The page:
#6,097- Be Wrong

I suppose there is a vast array of ways to measure the character of a man, but I find that watching a grown adult handle being wrong is an easy way to see what kind of mettle they’re made of.

A person fumbling out an excuse by way of acknowledgement of error is as uncomfortable an experience as watching a bad improv show, and really, as I have said before (#7,788- Teach Your Sons to Cheat)- no one cares.  No one cares how you got to the wrong conclusion, and you sitting there trying to justify your mistake is awkward and boring.  Move on.

It’s not easy to gracefully be in error, but at the very least you can admit it.  Relenting on a well-argued point after you’ve been soundly defeated is at least an honorable exit to the situation.  Watch coaches after they’ve lost a well contested game.  They go and shake their opponents’ hands, and #2950- Move On.

An apology when necessary is a good follow up, but that’s it.  You don’t need to get into the details of how you got to your incorrect conclusion, and you also don’t need to get into how smart your opponent was, keep your damn head up, leave your embarrassment on the bench (for the most part) and realize that as humans, we are evolving and learning constantly, and things the smartest of us (as a species) knew to be fact, in time, were proven not to be.  In a December 1934 article of the Pittsburg Post-Gazette, Einstein was quoted as saying, ‘There is not the slightest indication the [nuclear energy] will ever be obtainable.’  Later that year, Enrico Fermi discovered that if you bombard uranium with neutrons, the uranium atoms split into lighter elements, releasing energy.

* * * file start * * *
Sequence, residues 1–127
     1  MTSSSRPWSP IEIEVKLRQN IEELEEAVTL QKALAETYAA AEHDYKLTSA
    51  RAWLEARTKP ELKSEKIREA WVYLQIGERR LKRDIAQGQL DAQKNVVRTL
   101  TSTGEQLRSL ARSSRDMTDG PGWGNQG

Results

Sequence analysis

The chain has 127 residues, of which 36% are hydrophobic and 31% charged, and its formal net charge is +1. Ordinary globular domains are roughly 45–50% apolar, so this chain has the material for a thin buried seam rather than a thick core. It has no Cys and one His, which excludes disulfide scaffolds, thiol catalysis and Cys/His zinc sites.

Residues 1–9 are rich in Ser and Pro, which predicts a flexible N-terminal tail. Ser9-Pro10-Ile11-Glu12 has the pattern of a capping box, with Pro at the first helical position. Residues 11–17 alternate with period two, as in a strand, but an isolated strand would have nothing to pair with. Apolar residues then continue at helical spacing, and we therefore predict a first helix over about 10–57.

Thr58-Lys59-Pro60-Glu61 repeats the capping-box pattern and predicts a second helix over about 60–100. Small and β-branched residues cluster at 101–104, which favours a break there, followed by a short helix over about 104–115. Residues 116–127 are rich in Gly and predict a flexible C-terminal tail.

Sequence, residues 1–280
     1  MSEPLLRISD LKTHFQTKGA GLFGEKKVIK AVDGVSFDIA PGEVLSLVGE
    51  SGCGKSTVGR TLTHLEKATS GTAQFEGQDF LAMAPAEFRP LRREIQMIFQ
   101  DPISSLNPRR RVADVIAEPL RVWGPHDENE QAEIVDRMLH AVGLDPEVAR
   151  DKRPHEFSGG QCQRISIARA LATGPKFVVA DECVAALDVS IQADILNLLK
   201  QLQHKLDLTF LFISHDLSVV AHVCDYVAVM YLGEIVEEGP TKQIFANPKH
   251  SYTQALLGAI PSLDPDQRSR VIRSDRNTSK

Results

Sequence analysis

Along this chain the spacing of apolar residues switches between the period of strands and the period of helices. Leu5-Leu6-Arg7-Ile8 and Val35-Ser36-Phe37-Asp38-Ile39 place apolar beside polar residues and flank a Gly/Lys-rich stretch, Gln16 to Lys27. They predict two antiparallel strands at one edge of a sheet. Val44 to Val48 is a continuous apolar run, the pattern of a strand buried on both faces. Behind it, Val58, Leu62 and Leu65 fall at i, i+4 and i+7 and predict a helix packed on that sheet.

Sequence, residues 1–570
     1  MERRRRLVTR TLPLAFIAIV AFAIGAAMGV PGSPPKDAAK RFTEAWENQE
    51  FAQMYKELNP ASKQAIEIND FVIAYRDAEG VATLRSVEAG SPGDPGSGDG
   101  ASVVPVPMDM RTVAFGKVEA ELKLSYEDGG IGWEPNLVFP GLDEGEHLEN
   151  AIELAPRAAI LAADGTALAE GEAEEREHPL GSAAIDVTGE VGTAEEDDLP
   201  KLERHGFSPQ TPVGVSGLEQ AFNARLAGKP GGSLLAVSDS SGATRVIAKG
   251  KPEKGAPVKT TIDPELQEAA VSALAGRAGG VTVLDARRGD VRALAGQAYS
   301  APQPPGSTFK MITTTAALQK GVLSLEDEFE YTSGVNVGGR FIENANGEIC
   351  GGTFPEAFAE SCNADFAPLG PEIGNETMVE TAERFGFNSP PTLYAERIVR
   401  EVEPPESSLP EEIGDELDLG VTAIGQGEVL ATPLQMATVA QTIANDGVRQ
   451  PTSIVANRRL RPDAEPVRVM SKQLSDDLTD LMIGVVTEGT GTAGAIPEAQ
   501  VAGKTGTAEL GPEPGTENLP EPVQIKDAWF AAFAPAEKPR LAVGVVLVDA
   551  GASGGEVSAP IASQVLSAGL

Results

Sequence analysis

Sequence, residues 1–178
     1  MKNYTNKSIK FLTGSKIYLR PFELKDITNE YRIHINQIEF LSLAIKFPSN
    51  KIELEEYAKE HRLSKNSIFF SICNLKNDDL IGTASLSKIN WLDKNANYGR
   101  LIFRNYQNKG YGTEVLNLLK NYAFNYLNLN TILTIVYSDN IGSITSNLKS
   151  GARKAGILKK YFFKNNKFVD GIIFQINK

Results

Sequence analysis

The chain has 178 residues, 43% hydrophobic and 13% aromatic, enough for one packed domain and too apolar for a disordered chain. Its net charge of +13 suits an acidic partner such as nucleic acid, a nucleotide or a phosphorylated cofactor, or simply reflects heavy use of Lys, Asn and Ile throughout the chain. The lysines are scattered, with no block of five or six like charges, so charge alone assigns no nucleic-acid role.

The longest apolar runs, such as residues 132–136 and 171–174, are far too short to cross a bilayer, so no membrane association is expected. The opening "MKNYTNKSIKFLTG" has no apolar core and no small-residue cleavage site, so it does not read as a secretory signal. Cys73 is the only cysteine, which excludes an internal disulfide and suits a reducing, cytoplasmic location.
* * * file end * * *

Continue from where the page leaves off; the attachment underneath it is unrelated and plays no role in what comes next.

Did Einstein fumble around trying to justify what he said, or did he go work on the Manhattan Project?

einstein

He went to work on the Manhattan Project.

So let yourself be wrong, and try to gracefully let go of your erroneous point, and move on with your new knowledge about the state of things.

 

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One response to “#6,097- Be Wrong

  1. This is something I am trying to get better at. Admitting fault, error, or misconception is a sign of self-confidence and matury.

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